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I have just started experimenting with electronics and am concerned that I may have destroyed my LM339 comparator circuit. As a basic test, I had a 3.0 volt power supply hooked up to the Vcc pin and one of the + input pins. Nothing was hooked up to the corresponding - input pin. The long leg of the LED was attached to the corresponding output pin with a 1kohm resistor in between. The short leg of the LED was attached to ground but the comparator GND pin was not. I expected the LED to light up when I flipped the power switch.

When I flipped the power switch, The LED flashed briefly and then went off. After this incident, I verified that the LED was still working. Now I am trying to figure out if the comparator is broken. How can I do this using my multimeter? What are some basic tests I can do to figure out if the comparator is working properly?

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    \$\begingroup\$ It's a 50-cent part. If you think you broke it, throw it away and put a new one in the circuit. If the circuit still behaves the same, the problem was not in the LM339. \$\endgroup\$ – The Photon Dec 16 '13 at 3:39
  • \$\begingroup\$ Before declaring the LM339 broken, connect it properly - both inputs connected to suitable voltages, and the power and ground pins correctly connected - only then will you know if it works or not. (of course, your partial connections may have damaged it, so perhaps it would be best to discard this part, and start over with a new one...) \$\endgroup\$ – Peter Bennett Dec 16 '13 at 3:43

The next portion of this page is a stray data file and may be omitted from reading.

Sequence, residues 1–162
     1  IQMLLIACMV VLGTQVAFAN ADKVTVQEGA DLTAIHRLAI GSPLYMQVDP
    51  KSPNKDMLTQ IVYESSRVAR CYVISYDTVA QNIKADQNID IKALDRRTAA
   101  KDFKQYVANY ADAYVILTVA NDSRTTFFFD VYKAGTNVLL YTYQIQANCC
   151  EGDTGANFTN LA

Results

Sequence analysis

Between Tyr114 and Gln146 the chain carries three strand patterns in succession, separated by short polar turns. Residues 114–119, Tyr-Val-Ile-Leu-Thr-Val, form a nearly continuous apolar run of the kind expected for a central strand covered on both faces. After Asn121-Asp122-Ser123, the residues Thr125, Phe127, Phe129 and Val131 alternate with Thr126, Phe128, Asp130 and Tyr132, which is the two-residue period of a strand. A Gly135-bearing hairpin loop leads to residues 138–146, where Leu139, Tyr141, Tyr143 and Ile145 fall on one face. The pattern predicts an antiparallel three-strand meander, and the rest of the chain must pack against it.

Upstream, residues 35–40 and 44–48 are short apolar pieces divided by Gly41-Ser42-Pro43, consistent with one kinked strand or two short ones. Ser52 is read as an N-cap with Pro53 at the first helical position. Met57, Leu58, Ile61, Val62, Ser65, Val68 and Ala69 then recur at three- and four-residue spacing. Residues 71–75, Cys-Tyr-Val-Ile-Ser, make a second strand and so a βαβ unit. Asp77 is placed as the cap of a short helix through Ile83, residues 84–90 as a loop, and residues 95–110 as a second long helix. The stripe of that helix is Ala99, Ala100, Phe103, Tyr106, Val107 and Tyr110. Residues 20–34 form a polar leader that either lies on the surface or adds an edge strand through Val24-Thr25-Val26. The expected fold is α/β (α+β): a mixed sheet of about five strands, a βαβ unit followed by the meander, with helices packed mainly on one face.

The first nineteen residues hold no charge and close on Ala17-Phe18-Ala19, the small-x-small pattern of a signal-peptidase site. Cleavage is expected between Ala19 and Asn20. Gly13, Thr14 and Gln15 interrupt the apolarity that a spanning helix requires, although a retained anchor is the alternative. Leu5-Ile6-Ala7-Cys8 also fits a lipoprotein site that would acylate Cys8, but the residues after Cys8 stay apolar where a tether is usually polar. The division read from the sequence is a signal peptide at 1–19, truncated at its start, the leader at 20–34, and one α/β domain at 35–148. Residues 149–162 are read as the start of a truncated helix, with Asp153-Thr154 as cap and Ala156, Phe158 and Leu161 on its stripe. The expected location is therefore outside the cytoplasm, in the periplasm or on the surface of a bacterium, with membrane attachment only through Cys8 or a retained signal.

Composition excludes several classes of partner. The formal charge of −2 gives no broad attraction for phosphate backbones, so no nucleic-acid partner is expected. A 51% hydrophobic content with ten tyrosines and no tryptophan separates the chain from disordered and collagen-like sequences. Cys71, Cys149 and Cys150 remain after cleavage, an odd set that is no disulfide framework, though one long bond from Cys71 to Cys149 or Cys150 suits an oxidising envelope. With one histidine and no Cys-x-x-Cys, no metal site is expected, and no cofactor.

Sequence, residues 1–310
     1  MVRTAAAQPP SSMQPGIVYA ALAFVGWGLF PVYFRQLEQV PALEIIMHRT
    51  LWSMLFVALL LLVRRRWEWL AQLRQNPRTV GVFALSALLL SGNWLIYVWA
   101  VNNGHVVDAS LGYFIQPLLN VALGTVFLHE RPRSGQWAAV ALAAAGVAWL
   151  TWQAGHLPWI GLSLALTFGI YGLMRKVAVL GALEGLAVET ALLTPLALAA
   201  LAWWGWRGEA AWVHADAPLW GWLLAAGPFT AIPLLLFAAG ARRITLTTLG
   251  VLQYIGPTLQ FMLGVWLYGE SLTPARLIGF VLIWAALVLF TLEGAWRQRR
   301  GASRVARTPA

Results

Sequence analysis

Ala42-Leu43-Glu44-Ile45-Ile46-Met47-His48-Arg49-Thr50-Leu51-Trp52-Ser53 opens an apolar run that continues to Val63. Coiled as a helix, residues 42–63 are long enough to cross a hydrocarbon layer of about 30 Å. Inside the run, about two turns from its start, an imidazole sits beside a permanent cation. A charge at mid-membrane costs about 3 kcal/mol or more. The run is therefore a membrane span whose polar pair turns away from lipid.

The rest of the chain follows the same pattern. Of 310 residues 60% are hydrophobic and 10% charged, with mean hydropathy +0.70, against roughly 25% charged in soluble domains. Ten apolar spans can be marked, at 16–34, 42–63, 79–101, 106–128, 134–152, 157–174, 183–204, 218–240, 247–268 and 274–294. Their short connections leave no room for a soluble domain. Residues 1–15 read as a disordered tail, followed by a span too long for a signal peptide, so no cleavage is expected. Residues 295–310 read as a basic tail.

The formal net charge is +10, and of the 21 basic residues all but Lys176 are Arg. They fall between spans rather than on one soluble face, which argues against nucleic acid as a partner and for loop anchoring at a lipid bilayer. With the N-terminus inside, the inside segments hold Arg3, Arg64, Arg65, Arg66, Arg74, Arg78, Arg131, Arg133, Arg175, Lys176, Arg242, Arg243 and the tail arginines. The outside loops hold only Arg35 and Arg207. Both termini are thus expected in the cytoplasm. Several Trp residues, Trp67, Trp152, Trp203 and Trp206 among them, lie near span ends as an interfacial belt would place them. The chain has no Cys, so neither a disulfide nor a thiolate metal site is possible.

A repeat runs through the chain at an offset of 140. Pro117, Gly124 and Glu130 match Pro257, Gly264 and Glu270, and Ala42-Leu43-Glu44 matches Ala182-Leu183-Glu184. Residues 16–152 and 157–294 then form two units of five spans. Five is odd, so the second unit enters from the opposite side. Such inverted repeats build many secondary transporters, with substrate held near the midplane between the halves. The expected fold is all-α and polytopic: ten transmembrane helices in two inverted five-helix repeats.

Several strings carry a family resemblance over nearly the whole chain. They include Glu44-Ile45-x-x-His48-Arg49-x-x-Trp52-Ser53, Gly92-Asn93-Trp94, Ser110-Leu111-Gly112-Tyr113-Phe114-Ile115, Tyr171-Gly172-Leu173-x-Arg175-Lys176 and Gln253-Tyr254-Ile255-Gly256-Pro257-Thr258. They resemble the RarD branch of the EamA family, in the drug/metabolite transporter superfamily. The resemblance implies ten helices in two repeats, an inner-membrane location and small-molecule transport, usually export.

• \$\begingroup\$ @PeterBennett Could you explain how the partial connections could damage it? \$\endgroup\$ – mushroom Dec 16 '13 at 3:45
  • \$\begingroup\$ @mushroom: with the ground pin not connected, and the LED from output to ground, you will be causing voltages and currents within the chip that were not anticipated by the designer. I don't know whether this would damage the part, but using and IC far outside its intended environment is definitely Not Good. \$\endgroup\$ – Peter Bennett Dec 16 '13 at 3:50
  • \$\begingroup\$ @ThePhoton I unfortunately paid 5 times that much because I don't know what I am doing. Now I see that I can get 10 of them for less than $5. I would still prefer to figure out what happened and how to diagnose problems like this, rather than developing circuits completely through trial and error. \$\endgroup\$ – mushroom Dec 16 '13 at 3:54
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The long leg of the LED was attached to the corresponding output pin with a 1kohm resistor in between. The short leg of the LED was attached to ground but the comparator GND pin was not. I expected the LED to light up when I flipped the power switch.

Seems to me that you have connected the Anode to the output of the comparator and the cathode to the GND, that can not work for an open collector/ open drain output , the way this works is that you have to connect the positive supply to the load (LED and resistor) and then the output of the comparator will provide the ground (sink current) to the load (LED Cathode)

LM339 drive LED

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  • \$\begingroup\$ So, when the +input is higher than the -input the current will flow through the LED and the LM339 to ground. And when the +input is not higher than the -input, no current will flow through the LED? When I set it up this way, the LED lights up. However, now I have been unable to find an arrangement of the inputs that causes the LED to turn off. How can I make the LED turn off? Also, what did you use to create that diagram? \$\endgroup\$ – mushroom Dec 18 '13 at 1:48
  • \$\begingroup\$ @mushroom I didn't create the schematic, I just searched using google to find an image that included what I wanted to show and cropped it. You say that the led is always on? Have you connected both inputs to a known state or you leave one of them floating and apply the voltage to the other? Take a look at ermicro.com/blog/?p=1578 I think it will help \$\endgroup\$ – alexan_e Dec 18 '13 at 8:11

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